(WTVM) - From abuse to children living in poverty, a new study rates all states based on the best places for underprivileged children to live, and both Georgia and Alabama come in amongst the worst.
Experts in the Valley say this research is evident in Columbus and Phenix City. Overall, Alabama is coming in 43rd, while Georgia is even lower at 47th in the country for underprivileged children and resources to help them according to new research from WalletHub.
In light of Child Support Awareness month happening in August, the study shows the Peach and Yellowhammer states are falling behind. Alabama made the top five list for having the highest percent of children living below the poverty line and highest child food insecurity rates.
Executive Director of the Russell County Child Advocacy Center, Lynn Hammock, says the study could reflect the lack of funding in Alabama.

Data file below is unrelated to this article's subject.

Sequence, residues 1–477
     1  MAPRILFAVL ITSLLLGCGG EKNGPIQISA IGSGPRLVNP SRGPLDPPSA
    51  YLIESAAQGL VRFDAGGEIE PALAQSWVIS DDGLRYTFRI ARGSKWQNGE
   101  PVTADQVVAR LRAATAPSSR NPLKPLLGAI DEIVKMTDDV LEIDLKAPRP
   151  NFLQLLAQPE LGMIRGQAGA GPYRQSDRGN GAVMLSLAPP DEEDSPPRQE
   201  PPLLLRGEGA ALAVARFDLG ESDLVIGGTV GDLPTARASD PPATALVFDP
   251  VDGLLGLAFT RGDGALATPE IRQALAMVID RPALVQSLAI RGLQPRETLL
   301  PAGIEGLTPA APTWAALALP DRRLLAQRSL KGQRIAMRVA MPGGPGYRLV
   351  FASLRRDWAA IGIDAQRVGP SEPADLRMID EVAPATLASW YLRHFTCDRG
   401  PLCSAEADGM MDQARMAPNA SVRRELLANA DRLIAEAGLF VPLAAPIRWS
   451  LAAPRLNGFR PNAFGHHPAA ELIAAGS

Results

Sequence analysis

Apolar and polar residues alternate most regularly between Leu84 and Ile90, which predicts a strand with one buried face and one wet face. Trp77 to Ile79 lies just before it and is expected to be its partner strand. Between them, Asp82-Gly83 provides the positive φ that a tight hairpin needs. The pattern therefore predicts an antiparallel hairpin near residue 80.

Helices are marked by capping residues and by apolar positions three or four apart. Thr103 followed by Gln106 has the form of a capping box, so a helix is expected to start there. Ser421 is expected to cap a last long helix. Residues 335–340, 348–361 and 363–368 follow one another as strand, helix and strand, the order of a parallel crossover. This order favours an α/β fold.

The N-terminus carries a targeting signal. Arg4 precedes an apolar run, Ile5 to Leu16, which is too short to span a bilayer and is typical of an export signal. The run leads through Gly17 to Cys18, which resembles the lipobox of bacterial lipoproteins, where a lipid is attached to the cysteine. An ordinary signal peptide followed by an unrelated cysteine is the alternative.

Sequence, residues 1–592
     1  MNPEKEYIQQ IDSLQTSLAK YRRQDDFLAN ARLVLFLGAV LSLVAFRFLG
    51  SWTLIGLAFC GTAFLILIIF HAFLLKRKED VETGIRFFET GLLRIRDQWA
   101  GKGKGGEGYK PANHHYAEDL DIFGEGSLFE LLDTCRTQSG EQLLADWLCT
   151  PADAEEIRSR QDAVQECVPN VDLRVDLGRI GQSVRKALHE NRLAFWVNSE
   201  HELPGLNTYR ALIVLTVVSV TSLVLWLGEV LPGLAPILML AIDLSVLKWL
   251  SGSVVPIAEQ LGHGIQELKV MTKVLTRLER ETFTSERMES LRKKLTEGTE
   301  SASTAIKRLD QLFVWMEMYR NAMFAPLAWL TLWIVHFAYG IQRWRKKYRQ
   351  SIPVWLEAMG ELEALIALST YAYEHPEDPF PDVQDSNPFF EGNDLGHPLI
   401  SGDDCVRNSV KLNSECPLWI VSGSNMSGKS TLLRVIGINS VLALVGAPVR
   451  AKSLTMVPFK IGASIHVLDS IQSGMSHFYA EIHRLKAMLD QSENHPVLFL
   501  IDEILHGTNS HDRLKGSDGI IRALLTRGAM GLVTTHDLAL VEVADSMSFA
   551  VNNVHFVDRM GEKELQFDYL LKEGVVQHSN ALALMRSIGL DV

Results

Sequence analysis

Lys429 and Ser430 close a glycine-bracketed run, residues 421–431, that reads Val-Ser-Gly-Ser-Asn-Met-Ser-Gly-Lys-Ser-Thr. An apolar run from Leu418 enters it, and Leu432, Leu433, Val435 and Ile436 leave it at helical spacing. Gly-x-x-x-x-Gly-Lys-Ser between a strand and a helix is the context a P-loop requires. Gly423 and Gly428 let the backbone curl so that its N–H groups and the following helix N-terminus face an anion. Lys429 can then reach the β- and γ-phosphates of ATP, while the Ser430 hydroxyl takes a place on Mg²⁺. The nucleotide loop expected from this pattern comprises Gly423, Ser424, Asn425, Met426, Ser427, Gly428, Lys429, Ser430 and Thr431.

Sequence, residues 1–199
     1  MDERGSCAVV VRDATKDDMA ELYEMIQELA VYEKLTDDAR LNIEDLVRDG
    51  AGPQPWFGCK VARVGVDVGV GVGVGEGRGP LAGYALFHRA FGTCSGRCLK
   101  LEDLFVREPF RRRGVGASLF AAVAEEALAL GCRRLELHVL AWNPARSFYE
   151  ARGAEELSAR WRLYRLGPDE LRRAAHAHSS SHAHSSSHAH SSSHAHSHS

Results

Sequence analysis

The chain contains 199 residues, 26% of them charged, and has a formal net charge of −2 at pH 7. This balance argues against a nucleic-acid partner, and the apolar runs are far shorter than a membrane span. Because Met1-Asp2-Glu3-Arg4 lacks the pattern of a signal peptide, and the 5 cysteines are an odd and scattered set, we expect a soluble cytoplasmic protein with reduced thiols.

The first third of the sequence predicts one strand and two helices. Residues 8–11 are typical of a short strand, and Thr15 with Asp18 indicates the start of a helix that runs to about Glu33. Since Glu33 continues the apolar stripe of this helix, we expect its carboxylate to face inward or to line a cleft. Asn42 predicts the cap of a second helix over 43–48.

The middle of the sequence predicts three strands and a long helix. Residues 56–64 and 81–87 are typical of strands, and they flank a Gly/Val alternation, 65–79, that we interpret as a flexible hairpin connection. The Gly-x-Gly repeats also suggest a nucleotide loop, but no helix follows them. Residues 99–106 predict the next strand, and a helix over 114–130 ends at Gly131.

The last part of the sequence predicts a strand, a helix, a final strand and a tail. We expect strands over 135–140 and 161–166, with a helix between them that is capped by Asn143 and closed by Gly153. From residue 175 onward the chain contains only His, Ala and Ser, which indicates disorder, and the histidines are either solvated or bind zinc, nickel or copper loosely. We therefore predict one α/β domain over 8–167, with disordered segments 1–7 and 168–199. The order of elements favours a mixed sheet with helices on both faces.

"When you look at the funding that's available for those agencies or those services that are trying to prevent poverty in the community or to prevent abuse from occurring, the money's just not there," said Hammock.
Georgia made the top five worst states for highest percentage of teens not attending school or working.
"Usually when teens are not attending school, not working ages 16 to 19, a lot of times that means they are underprivileged and more likely to go toward criminal activity," said Jill Gonzalez, an analyst with WalletHub.
The findings are troubling for many and are prompting advocates to turn to the community to fix it.
"Children do not ask to come into this world as victims of abuse, victims of poverty, going to bed without food in their bellies. It's our responsibility, and yes when I say our, that includes parents, but sometimes things are beyond their control," said Hammock.
Some of the top ranking states for children, resources available to them, and low crimes against them include New Hampshire, New Jersey, Utah, Minnesota, and Iowa.